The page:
- Can you change/enhance anything about your programme to make it more appealing or beneficial?
- Think of it as a product – can you repackage/resize or discover new uses, involve more people, enhance outcomes?
- You must have a vision. Recognise opportunities or demand in specific areas of the business. Should you continually focus on areas where support is strong and abandon others? Could you take advantage of marketing opportunities within the organisation by joining with other business area or activities?
- What resources or training will be needed to ensure your team is up to speed? Outline your vision in your business plan. Break down longer-term goals into specific numerical targets and short term aims. Keep your goals challenging and SMART (specific, measurable, agreed, realistic, time related)
- Make it your business to know what is happening outside of your organisation, both in relation to suggestion scheme processes and relating to the business.
- Know your business environment. If you are aware of imminent change you may be able to turn a threat into an opportunity.
- Identify the people you respect as experts in your field and find opportunities to talk with them. Investigate opportunities for benchmarking.
- Be aware of what businesses your management respect, admire or wish to emulate and find out their best practices in relation to employee involvement
- Communicate regularly with all employees within the organisation. Seek feedback both formally and informally.
- Make use of internal benchmarking and consider any ideas used elsewhere in the business that you could usefully take on board e.g. marketing expertise
- Encourage experiments and be prepared to take risks in order to maximise the impact your scheme can have within the organisation
- Analyse the impact of your processes on your stakeholders. Consider what could be done more efficiently. What could be done to increase customer/stakeholder satisfaction?
- Consider how cost effective improvements could be made. Do you have FAQ’s (and answers) either on intranet or hard copy?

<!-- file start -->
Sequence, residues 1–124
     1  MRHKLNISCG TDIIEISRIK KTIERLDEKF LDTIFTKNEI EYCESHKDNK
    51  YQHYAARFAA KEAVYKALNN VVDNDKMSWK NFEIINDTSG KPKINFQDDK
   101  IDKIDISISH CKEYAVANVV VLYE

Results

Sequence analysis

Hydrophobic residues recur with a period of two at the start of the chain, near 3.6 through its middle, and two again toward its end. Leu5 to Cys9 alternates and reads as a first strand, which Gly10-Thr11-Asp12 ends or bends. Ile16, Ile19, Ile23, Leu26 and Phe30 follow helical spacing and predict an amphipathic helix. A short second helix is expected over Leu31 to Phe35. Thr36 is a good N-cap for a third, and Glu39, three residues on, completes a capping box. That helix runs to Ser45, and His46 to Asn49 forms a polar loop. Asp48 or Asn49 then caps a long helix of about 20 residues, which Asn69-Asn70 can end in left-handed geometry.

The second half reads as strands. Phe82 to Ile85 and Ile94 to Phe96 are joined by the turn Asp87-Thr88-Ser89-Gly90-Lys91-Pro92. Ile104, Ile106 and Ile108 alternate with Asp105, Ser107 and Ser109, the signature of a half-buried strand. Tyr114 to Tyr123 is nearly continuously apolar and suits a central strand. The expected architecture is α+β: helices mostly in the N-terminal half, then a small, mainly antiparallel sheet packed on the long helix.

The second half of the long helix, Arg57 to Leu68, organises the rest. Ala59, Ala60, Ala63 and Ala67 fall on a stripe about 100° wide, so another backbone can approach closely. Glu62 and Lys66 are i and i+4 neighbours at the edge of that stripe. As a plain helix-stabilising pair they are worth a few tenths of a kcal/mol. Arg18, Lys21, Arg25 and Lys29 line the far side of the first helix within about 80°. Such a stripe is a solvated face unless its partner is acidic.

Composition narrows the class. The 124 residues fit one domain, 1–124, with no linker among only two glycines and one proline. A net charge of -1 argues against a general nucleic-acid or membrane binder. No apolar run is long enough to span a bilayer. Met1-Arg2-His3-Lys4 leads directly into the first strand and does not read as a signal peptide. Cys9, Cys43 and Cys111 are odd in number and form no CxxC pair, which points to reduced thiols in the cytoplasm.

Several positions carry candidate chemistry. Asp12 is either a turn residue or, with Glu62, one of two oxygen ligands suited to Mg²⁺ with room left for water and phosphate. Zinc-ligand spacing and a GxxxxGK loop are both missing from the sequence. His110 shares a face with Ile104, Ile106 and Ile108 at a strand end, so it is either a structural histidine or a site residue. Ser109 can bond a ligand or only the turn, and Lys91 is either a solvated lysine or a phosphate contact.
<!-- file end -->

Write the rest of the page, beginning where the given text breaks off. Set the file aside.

- Involve own team or work colleagues to help develop and implement changes. Utilise cross-functional teams
- Encourage managers to lead innovation and actively encourage ideas by running workshops, discussion groups or cross-functional teams. Consider using an experienced outside facilitator to run the sessions.
- Lead people away from thinking innovation must mean radical big bang changes. A lot of small changes can add up to a big change for the better and usually with far less risk
- Show that the pursuit of innovation is seen as a continuing process. Innovation does not just happen in workshops. Experience has shown that the 48 hours after a workshop has ended can be a very productive period. Make sure that ideas that surface during this period are captured by the suggestion scheme.
- Ensure your business goals and outcomes are regularly reported in team meetings
- Build long term goals into your business plan. Set and review targets and milestones. Track key performance indicators (participation, implementation and ROI) to monitor progress
- Recognise that day to day tasks are always going to be seen as more important than the suggestion scheme
- Combat insecurity and resistance to change through better communication
- Gain recognition and acceptance for the need to change by discussing the consequences of not taking action
- Continually raise the profile of innovation and the importance of the suggestion scheme
- Actively encourage the involvement of all employees at all stages
Provide regular reports to top management on all aspects of suggestion scheme performance emphasising benefits to business and consequently the importance of the part you play.
Choosing the Right Suggestion Scheme
There are two main types of suggestion schemes, a centralised or a decentralised scheme. Some organisations operate both models successfully.
In organisations where there is a hierarchical management structure in place a centralised suggestion scheme is often the most appropriate system.
How it operates
- A centralised Suggestion Scheme office, with dedicated staff, will receive and process all suggestions.
- Suggestions are submitted directly to the Suggestion Scheme office, or are passed through line management for validation purposes.
- Suggestions are acknowledged and allocated to specialist evaluators for investigation. Continue reading